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Bluefin Tuna
Bluefin Tune captured by "Vågly" in 1971
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Status, advice and fisheries

Stock status of East Atlantic and Mediterranean bluefin tuna indicate that there is no overfishing. 

Reported catches in the East Atlantic and Mediterranean reached a peak of over 50,000 tonnes in 1996 and then decreased substantially, stabilizing around Total Allowable Catch (TAC) levels established by ICCAT for the most recent period. Catches between 2013 and 2017 were 13,243 t, 13,261 t, 16,201 t, 19,131 t, and 23,616 t for the East Atlantic and Mediterranean. The combination of size limits and the reduction of catch has certainly contributed to a rapid increase of the abundance of the stock. The Committee noted that reported catches are in line with recent TACs due to current monitoring and enforcement controls. Nevertheless, there is recently revealed significant IUU fishing among some Contracting Parties to the Commission (CPC’s), compromising the rebuilding of this valuable fish stock. 
 
Total allowable catches are set to 28 200 tonnes in 2018, 32 240 tonnes in 2019 and 36 000 tonnes in 2020. Norway was a major fishing nation on the eastern bluefin tuna from 1950–1960's, with catches of 2,000 to 15,000 tonnes during this period. This species performed regular feeding migration routes to Norwegian waters until the end of the 1970s, when fewer and fewer bluefin tuna found their way to Norwegian waters. The positive turning point happened in 2013 when Norwegian fishermen caught bluefin tuna as bycatch in other pelagic fisheries. During the last few years more and more bluefin tuna have been observed along the coast of Norway and in offshore waters. The Norwegian bluefin tuna quota is 104 tons in 2018 and will be 239 tonnes in 2019 and 300 tonnes in 2020.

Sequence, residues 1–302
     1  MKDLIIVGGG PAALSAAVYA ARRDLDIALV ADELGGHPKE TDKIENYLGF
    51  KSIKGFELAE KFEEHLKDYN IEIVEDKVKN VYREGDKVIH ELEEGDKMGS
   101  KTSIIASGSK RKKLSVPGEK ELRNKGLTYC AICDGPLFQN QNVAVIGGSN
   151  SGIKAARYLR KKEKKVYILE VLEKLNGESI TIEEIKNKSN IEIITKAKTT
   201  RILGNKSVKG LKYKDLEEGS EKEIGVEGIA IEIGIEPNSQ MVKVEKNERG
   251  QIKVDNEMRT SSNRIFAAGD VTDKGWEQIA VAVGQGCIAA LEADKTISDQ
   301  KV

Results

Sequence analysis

Information available has demonstrated that catches of bluefin tuna from the East Atlantic and Mediterranean were seriously under-reported between the mid-1990s through 2007. The Committee has estimated that realized catch during this period likely was on the order of 50,000 t to 61,000 t per year based on the number of vessels operating in the Mediterranean Sea and their respective catch rates. The 2017 assessment uses these estimates (1996–2007) rather than the declared catches. 
 
In 2017, the Committee presented short-term projections until 2022. According to the base model annual constant catches up to 36,000 tonnes have higher than 60% probability of maintaining Fishing mortality F below F0.1 throughout 2022. The Committee noted that reported catches are in line with recent Total Allowable Catches (TACs), due to current monitoring and enforcement controls. An extensive fishery for bluefin tuna is conducted predominantly using purse seines and longline; rod and reel, drift nets, and fish traps are also commonly used fishing gears. Large catches by purse seiners have affected stock levels. It is also widely believed that the introduction in 1977 of fish farming/fish-fattening activities, and good market conditions, have resulted in major changes to fisheries in these regions. 

 

Facts about Bluefin tuna

Latin name: Thunnus thynnus 
Spawning area: Warm waters (> 24 °C) on specific and limited locations in the Mediterranean around the Balearic Islands, Sicily, Malta, Cyprus, and Libya.
Juvenile feeding area: Mediterranean Sea, coast of Portugal and Bay of Biscay
Adult feeding area: North-Atlantic Ocean, including Norwegian coast and Norwegian Sea
Maximum size: 3.3 m / 725 kg
Life span: 40 years
Diet: Zooplankton and small fish as juveniles; mature fish prey on schooling fish such as mackerel, herring, blue whiting, sand lance and sprat, in addition to squid species.